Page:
Comic Book Legal Defense Fund frequently receives questions from our community about one’s rights relating to comics, so we have created this column – “Understanding Your Rights” as a series of FAQs to help clearly explain these concepts. Today’s column arises from questions about the legality of the creation, collection, possession, and/or transporting of comics and related graphic publications that may contain content of a sexual nature. Past inquires have involved “adult” comic books, hentai, manga, and various sub-genres. CBLDF’s General Counsel Robert Corn-Revere now provides some general guidance for our members. The following frequently asked questions, and the answers to them, may be helpful.*
What legal protections do I have?
In the United States, freedoms of speech and of the press are protected by the First Amendment to the Constitution. State constitutions also protect freedom of expression. While these legal protections are powerful, they are not unlimited. Depending on the nature of the regulation, and type of content involved and/or circumstances under which it is disseminated, the government may impose restrictions or requirements. Also, the federal and state constitutions do not protect you outside the United States.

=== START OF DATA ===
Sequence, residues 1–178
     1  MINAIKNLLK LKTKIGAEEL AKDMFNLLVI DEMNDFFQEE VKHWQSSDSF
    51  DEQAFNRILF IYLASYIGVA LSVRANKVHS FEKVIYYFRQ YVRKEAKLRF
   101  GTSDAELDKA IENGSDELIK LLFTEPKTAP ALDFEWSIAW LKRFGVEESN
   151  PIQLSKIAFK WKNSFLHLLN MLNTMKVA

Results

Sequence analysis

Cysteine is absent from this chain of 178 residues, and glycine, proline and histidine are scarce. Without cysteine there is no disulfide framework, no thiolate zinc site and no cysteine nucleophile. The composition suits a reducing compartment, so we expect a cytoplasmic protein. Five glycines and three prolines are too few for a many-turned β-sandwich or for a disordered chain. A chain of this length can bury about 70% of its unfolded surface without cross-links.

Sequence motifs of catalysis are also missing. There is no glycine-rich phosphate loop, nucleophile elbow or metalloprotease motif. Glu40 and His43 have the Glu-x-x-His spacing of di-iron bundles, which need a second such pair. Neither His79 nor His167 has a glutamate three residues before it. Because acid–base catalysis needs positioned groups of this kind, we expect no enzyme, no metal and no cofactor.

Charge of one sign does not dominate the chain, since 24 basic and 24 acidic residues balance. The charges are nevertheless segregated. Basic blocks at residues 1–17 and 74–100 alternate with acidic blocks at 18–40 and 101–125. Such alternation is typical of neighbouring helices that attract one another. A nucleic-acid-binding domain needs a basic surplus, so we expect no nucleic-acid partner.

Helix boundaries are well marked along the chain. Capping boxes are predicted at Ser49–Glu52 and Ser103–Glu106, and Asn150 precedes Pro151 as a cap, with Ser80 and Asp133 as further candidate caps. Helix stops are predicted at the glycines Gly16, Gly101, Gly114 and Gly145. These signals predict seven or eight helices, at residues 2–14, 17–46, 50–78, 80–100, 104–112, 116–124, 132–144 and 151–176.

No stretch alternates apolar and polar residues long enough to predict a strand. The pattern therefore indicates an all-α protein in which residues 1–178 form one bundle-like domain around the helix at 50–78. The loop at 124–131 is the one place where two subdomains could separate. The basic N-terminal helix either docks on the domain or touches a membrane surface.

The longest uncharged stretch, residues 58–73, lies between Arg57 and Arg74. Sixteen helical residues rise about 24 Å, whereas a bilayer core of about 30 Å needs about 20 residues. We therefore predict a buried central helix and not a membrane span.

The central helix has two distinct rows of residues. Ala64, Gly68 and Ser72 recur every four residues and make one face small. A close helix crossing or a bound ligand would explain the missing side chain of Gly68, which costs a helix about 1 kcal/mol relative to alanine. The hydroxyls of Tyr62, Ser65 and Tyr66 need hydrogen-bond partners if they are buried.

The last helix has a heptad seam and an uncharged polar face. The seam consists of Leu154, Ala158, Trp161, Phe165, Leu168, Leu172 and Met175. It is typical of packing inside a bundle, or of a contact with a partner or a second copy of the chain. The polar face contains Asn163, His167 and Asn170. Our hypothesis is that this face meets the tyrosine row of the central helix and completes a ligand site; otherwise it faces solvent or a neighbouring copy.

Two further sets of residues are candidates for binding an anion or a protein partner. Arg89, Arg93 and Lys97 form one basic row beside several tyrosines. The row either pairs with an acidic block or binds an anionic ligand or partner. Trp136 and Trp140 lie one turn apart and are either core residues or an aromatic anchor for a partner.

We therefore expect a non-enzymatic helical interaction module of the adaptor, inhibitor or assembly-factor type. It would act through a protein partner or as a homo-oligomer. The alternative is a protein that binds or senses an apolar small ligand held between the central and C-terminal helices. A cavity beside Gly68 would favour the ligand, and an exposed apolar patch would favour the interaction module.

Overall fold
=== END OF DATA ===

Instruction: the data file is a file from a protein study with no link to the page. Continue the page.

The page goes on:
Do comics receive the same constitutional protections as newspapers?
Yes. It has long been settled that graphic arts – including comic books – qualify as “speech” or “press” entitled to the same First Amendment protection under the Constitution as any other mode of expression.
What are some of the exceptions to constitutional protection?
Under prevailing law, some categories of speech are commonly viewed as “unprotected” by the Constitution. These include obscenity, child pornography, incitement to crime, libel, and “true threats.” Certain genres of comic books and graphic novels may contain content that falls in one or more of these categories. Here are some thoughts that address the primary ways this can occur, and the key concepts involved:
What is “obscenity” and how is it treated under the law?
“Obscene” materials are prohibited by federal law regardless of the medium of communication.
Federal statutes prohibit producing “obscene” visual depictions with intent to transport, distribute or transmit them, or to produce them with the intent to distribute or sell, or to sell or transfer them. It is also unlawful to knowingly sell, possess with intent to sell, transfer, mail, import, or transport any obscene visual depiction, or to knowingly receive or possess such obscene visual depictions with the intent to distribute. States have similar criminal prohibitions in their laws.
Although the word “obscene” is often used in casual conversation to mean stuff that is generally distasteful, offensive, and/or sexually explicit, it is a specific term of art that is defined by law and is limited to sexual matters. Under most U.S. laws the material must be, at a minimum, a hard core depiction of offensive sexual conduct.